Father Sheridan pledged to build upon Father Henry’s 13-year legacy as president of Franciscan University, and he praised his predecessor for enhancing the university’s “reputation for excellent academics and faithful Catholicism.”
The Franciscan friar will be filling big sandals left by his predecessor when he officially takes up his duties as president on June 1.
Since 2000, Father Henry expanded Franciscan’s academic offerings to include business, legal studies, biology and bioethics programs, overseeing a $31-million capital campaign to fund the university’s growth.
Under his leadership, the university’s campus doubled in size, the school re-entered NCAA Division III sports, and enrollment hit an all-time high in 2012, with 2,466 undergraduate and graduate students.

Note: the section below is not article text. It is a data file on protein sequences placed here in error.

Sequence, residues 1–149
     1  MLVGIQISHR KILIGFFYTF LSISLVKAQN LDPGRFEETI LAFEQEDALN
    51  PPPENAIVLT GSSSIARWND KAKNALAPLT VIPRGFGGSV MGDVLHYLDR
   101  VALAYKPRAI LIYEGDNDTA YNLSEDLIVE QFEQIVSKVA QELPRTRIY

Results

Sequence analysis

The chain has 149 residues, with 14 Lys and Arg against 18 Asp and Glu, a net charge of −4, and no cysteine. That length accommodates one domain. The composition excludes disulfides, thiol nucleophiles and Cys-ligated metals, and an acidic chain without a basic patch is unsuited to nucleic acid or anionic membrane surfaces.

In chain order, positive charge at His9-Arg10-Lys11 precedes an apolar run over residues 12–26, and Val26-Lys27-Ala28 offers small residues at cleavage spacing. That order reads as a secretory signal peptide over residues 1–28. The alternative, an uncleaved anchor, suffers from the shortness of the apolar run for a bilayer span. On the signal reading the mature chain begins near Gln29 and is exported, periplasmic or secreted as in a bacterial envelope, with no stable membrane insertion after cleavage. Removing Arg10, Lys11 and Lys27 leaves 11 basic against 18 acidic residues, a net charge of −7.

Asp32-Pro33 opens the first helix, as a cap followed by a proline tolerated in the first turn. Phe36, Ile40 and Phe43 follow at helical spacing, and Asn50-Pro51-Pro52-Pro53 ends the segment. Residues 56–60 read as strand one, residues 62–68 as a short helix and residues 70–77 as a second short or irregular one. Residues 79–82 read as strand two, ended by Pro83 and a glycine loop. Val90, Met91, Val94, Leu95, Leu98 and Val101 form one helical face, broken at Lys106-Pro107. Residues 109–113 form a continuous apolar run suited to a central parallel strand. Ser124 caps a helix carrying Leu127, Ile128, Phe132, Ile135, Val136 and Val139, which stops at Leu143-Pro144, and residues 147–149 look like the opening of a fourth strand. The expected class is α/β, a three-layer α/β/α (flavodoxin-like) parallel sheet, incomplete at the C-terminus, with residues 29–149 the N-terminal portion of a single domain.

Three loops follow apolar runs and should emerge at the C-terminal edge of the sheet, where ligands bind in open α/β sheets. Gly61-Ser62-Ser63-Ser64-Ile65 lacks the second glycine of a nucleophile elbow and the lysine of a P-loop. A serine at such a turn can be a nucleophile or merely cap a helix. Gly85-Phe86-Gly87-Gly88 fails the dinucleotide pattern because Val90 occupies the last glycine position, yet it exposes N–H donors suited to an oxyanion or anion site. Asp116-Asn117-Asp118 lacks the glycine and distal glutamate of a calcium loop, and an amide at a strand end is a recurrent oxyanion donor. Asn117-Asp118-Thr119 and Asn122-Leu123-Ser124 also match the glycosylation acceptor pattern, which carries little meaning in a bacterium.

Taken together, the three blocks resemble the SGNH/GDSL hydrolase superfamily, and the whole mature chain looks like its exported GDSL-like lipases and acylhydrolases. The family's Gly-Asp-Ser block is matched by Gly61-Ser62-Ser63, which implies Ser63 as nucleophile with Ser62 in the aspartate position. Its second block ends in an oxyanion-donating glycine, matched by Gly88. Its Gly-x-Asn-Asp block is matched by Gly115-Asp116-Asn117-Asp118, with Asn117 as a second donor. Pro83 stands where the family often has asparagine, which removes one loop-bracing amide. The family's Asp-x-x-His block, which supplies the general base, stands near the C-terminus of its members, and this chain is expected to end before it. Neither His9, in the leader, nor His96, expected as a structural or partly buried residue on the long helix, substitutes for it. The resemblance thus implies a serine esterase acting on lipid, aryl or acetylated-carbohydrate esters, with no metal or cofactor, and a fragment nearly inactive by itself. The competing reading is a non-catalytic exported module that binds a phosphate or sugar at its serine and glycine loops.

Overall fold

The university also established an Institute of Bioethics in 2007 and created the endowed Father Michael Scanlan Chair of Biblical Theology and the New Evangelization, now filled by biblical scholar Scott Hahn.
Michael Hernon, the university’s vice president for advancement, said Father Henry also left a very strong pro-life legacy as president; he attended every March for Life with the students.
“Father [Henry] has left a lasting impression on our students as a bold, personal witness to faith,” he said.
Father Henry said he would be helping Father Sheridan transition into his new role of leading the university.
“I have the utmost respect for Father Sean, and I have deeply valued his opinion, especially on Church issues, over the years,” Father Henry said. “I’m happy to be leaving the university to his leadership, and I am certain he will continue to raise the bar of excellence.”